When in Paris in exile in 1399, Henry Bolingbroke learned of his father’s death. He had also heard that Richard II had wasted no time in seizing John of Gaunt’s lands — which were rightfully Bolingbroke’s inheritance. Henry immediately left France and landed on the Yorkshire coast with a fleet of ten ships.


Richard II immediately fled to Wales and took refuge in Flint Castle, one of Edward I’s great Welsh fortresses. Henry knew that Richard had fled to Wales, and eventually persuaded him to come out of hiding on the pretense that he was not back in England to steal the crown, but rather to simply claim his inheritance that Richard had stolen from him. This persuasion worked, and Richard emerged from Flint Castle, only to be ambushed by Henry’s men and taken prisoner.


Richard II and the Untimely End of the Plantagenet Dynasty

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Richard II, and his Patron Saints, Edmund the Confessor and St John the Baptist, from the Wilton Diptych, 14th century, via Britannica


Richard, having no legitimate children as heirs, abdicated his throne to God. Henry took the empty throne for himself, crowning himself as Henry IV of England. However, despite Richard’s abdication as king, he was still an anointed monarch. Henry IV knew from Richard’s last stint in exile that he was not to be trusted and the only way to ensure that he could safely rule was to kill the Plantagenet. He left Richard as a prisoner in Pontefract Castle, where he died in early 1400 of starvation.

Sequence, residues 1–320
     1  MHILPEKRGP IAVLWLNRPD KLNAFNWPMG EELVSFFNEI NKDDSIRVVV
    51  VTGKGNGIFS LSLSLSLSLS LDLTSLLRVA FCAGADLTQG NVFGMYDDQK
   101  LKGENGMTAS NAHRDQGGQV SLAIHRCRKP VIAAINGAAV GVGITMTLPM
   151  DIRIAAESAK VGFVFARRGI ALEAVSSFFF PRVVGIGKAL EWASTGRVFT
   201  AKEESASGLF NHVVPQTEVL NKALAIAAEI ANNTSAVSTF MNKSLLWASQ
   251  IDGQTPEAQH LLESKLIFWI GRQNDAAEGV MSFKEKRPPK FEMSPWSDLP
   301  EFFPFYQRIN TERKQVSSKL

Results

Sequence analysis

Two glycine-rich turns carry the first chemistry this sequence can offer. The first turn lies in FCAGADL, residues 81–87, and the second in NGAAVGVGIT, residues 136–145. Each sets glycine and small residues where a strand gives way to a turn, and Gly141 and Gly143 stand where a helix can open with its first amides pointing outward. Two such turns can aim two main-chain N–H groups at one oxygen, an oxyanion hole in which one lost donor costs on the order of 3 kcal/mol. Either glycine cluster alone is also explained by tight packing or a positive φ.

The Plantagenet dynasty had finally ended. Almost 250 years of direct descendants (including grandsons), from Henry II in 1154 to Richard II was at an end, and in the hands of a man who was more of a petulant child than a king.


No other dynasty in the Middle Ages held as much power as the Plantagenets at their peak, and no other dynasty would come close for hundreds of years. Over the course of the next century following Richard II’s death, there were seven kings, compared to the eight Plantagenet monarchs of the last 250 years. The effect of the usurpation made way for one of English history’s bloodiest civil conflicts: The Wars of the Roses.

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By Chester OllivierBA (Hons) HistoryChester is a contributing history writer, with a First Class Honours degree BA (Hons) in History from Northumbria University. He is from the North East of England, and an avid Middlesbrough FC supporter.